Mt. Vernon, N.Y. (CBSNewYork) – Sleeping on the job.
A Westchester County mother says her special needs daughter is worried about going to school because her bus monitor is always asleep, and she has the pictures to prove it.
CBS2’s Jessica Moore demanded answers from the bus company.
Mt. Vernon mother Norina C. doesn’t want to give her last name, but she is outraged, reported CBS2’s Jessica Moore.
“I’m not speaking out about my kid. I’m talking about all the kids on the bus. This is a public safety issue,” Norina told Moore.
Not once, not twice, but three times. Norina says her 13-year-old daughter Kayla photographed her bus monitor sleeping on the 15-mile route to Irvington Middle School.
“You always have to back your stuff up with proof. It’s not just I said, he said. No. You were sleeping mister, and you don’t need to be working,” Norina said.
“She has three separate photos of him sleeping?” Moore asked.
“Yes. This happens every day. It’s appalling and all the parents should be outraged. What if a kid has an epileptic seizure on the bus? He’s in the back. What’s the driver supposed to do, pull over on the highway?” Norina said.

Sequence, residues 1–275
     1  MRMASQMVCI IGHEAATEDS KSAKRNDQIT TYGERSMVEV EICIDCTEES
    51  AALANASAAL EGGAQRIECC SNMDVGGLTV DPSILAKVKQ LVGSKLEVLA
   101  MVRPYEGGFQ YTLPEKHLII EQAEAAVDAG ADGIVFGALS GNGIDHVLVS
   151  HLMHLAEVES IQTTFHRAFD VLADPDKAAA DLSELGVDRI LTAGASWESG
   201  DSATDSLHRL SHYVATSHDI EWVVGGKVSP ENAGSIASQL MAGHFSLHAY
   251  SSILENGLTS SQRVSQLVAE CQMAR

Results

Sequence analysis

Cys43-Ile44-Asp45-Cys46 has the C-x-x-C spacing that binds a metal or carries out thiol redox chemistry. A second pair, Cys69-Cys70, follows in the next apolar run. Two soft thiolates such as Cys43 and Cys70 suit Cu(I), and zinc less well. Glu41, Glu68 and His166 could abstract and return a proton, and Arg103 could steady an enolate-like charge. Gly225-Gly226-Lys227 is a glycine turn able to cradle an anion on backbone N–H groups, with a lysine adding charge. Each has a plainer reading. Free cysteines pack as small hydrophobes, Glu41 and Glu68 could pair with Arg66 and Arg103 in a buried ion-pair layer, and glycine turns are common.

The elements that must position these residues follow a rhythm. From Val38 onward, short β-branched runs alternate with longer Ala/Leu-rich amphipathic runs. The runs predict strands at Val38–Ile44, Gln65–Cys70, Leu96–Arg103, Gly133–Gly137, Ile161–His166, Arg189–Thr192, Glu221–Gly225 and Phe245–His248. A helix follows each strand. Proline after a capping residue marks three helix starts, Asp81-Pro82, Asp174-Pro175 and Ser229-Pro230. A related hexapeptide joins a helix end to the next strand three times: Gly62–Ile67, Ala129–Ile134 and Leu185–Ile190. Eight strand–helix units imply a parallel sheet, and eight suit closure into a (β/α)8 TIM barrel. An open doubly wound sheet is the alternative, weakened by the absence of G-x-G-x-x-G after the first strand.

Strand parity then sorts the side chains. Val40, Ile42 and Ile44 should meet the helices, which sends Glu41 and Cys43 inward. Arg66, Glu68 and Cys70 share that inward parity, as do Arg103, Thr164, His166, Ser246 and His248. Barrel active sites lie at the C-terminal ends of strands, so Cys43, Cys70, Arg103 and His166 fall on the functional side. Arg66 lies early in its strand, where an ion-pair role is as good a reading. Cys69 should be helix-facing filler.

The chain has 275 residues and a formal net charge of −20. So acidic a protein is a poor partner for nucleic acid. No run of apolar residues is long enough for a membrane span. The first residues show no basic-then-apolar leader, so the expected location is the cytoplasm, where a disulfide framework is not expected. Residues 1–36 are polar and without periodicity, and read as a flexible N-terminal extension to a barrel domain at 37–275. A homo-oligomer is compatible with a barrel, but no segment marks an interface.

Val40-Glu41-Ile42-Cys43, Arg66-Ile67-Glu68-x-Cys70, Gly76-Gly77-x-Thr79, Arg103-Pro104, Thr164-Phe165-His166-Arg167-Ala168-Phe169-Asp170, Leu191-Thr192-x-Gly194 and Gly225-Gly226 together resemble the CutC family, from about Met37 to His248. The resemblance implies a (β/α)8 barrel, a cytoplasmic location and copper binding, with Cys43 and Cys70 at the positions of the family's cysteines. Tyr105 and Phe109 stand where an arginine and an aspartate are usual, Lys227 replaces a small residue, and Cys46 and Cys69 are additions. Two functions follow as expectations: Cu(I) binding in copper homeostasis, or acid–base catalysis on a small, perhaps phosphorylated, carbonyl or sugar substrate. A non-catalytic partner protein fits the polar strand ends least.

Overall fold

What makes the situation worse is all the students on Kayla’s bus are special needs.
“His job is to be in front to aid the children up on the bus. He’s not doing that. He’s in the back, catching Zs. I know everybody want to be in bed at 6:40 in the morning, but if you got a job, you gotta do it,” Norina said.
Norina says she doesn’t blame the school. She blames the bus company, All County Bus, whose owner told Moore the monitor admitted he was sleeping on the job.
Owner Donald Gregory is equally upset.
“So when you see these pictures, and you know now this is, in fact, your employee,” Moore said.
“Very upsetting. As a parent, I’d be upset too. So she has every right to be upset. This is not what we train our monitors to do,” Gregory said.
All County employs 425 people and is responsible for transporting roughly 1,500 special needs students to and from New York City and Westchester County schools. Monitors are required to take a two-hour training course every year, and Gregory says most buses are also equipped with cameras to monitor the monitors.
“These kids are fragile, they need everything we have, and a sleeping monitor isn’t going to work,” Gregory said.
So what does he plan to do about it?
“As it relates to parents, there’s nothing I can say except I’m sorry, I can’t take it back,” said Gregory. “I mean, he was absolutely sleeping, and it should not happen, and will be addressed.”
Gregory told Moore the union bus monitor will be suspended effective immediately, permanently removed from that route, and faces possible termination.